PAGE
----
Gordon Edwards, one of Canada's top nuclear experts, is calling on people throughout Alberta to learn all they can about the environmental and economic consequences of nuclear energy.
He told audiences in Edmonton and Calgary recycling that politicians and the private sector cannot be allowed to make such a decision without plenty of public input and scrutiny.
"The dangers are contamination of the watershed and contamination of the environment - which are irreversible," said Edwards, president of the Canadian Coalition for Nuclear Responsibility.
"Nuclear power is not business as usual. It carries very special risks and obligations which last far longer than any other industry."
Bruce Power announced in November that it plans to acquire Energy Alberta Corp., which has applied for a licence from Atomic Energy of Canada Ltd. to build a nuclear electricity generating plant near Peace River in northwestern Alberta.
If successful, the proposal would be the first new nuclear power plant in Canada in almost 30 years.
Bruce Power is owned by a group of partners including TransCanada Corp. and Cameco Corp., and provides about 20 per cent of Ontario's electricity. France-based Areva has also made inquiries about building a nuclear plant in the region.
Edwards said the province and Bruce Power must also clearly explain how tonnes of dangerous nuclear waste from such a plant would be disposed.
In Ontario, more than 800,000 tonnes of radioactive waste from a nuclear plant are being stored near Port Hope because there is no place else to send the material, he said.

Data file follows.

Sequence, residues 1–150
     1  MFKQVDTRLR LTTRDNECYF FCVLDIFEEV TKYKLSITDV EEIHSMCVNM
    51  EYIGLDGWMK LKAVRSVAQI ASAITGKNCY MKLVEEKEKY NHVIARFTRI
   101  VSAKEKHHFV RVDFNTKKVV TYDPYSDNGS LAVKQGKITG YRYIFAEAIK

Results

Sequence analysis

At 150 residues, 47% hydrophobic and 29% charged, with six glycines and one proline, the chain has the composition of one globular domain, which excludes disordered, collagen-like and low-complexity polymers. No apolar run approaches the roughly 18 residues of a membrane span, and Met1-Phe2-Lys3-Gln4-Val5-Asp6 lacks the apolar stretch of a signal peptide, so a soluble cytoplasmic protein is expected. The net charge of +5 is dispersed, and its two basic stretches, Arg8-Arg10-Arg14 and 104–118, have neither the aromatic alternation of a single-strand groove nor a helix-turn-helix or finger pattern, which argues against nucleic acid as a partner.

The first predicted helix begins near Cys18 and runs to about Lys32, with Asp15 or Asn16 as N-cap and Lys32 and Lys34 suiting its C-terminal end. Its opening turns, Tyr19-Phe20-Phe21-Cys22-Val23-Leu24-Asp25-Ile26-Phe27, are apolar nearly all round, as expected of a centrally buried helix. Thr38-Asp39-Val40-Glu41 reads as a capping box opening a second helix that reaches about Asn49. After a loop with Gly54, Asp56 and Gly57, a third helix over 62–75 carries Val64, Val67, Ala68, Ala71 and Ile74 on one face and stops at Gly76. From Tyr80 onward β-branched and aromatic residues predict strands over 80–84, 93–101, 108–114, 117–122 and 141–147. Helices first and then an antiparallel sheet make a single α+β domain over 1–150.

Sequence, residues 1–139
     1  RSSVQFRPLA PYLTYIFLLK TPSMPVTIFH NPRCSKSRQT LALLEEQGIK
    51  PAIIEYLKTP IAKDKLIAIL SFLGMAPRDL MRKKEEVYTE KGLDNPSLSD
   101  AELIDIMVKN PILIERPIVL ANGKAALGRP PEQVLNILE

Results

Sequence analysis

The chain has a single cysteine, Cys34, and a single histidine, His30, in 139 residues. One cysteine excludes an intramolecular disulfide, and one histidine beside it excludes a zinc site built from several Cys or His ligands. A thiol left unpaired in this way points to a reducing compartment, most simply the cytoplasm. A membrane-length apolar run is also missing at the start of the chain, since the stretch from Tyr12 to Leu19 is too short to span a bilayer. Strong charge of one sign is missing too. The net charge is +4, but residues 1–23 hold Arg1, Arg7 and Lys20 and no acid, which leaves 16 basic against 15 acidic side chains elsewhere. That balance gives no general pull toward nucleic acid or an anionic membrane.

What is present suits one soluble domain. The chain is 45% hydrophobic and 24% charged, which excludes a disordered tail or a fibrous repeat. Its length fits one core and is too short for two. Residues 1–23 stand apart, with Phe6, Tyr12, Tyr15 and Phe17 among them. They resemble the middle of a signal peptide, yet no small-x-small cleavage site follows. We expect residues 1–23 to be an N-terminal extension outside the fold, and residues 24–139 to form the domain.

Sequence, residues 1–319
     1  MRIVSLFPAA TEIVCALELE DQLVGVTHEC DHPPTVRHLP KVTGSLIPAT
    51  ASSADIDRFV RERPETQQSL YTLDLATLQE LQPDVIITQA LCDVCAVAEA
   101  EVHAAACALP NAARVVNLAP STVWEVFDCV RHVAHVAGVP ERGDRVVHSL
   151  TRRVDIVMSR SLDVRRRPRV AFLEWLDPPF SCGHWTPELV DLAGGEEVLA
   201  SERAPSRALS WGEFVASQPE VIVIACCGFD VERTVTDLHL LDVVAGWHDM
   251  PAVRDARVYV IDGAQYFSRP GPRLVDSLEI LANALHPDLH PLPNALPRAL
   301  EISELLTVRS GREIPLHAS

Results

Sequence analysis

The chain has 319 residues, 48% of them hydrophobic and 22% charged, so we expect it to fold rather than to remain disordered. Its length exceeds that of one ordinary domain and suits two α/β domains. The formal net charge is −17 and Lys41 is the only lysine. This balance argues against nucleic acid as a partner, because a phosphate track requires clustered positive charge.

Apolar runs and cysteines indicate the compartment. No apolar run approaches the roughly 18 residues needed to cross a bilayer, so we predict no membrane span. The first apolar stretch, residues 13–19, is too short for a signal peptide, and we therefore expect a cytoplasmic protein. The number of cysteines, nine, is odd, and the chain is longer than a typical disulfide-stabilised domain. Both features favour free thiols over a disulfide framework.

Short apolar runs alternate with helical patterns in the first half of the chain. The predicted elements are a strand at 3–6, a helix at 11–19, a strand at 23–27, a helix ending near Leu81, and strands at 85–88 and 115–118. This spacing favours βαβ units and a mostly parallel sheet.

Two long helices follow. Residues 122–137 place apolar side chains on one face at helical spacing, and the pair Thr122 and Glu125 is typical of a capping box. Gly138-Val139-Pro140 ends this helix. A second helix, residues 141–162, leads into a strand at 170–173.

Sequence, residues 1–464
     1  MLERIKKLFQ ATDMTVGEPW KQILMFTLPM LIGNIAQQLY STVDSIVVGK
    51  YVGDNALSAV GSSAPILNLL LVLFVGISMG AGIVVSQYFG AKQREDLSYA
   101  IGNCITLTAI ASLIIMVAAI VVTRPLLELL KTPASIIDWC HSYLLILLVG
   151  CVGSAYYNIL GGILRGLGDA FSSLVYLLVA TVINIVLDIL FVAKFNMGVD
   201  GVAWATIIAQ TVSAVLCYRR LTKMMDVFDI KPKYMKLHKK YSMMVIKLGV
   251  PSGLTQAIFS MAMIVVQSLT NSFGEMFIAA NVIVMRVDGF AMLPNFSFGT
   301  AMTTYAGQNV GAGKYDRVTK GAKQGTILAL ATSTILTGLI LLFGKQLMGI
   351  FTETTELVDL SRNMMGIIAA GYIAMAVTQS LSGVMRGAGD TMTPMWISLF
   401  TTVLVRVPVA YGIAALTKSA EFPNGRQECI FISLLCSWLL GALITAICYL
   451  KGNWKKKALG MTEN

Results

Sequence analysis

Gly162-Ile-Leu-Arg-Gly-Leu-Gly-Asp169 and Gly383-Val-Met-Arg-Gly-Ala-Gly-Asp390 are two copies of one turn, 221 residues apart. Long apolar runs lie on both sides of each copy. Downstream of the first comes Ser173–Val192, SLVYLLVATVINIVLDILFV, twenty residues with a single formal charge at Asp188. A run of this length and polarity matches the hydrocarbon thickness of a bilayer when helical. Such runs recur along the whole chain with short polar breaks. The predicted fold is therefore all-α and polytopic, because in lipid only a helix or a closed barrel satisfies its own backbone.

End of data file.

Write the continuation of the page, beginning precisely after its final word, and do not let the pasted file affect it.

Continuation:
"Back in 1975 it was promised by the federal government that this waste would be removed from the community in a couple of years. Well, it is still there," he said.
Edwards raised similar concerns in the communities of Peace River and Whitecourt, Alta., last fall. His visit to Alberta this week is being sponsored by the Sierra Club of Canada.
Steve Cannon, a Bruce Power spokesman, said the corporation has not launched its own information campaign in Alberta because the deal with Energy Alberta is still not complete.
Cannon said the corporation will eventually open an office in northwestern Alberta and spread the word about its proposal once the deal closes.
In the meantime, Albertans should not be swept away by emotional arguments, he said.
"I think people are enlightened enough to see through scare tactics, I don't think people want that," Cannon said Wednesday from Tiverton, Ont.
"When you weigh the pros and cons in an era of climate change and an era when security of supply for electricity is needed, I think nuclear power is going to come out quite well in that examination."
The Alberta government has tried to stay out of the nuclear debate despite community meetings against the proposal and protests by hundreds of people last fall at the legislature.
In early December Premier Ed Stelmach suggested the province would announce within a few weeks a strategy to consult the public about nuclear power.
Alberta Energy spokesman Jason Chance said the government is still working on a plan that is to be announced in the coming weeks.
"Processes are being finalized to gather more information so that there can be an informed discussion with Albertans on this issue," Chance said.
"Before any policy decisions on nuclear energy are made, all the facts are needed - non-biased neutral information - so we can make a decision that is the right fit for Alberta."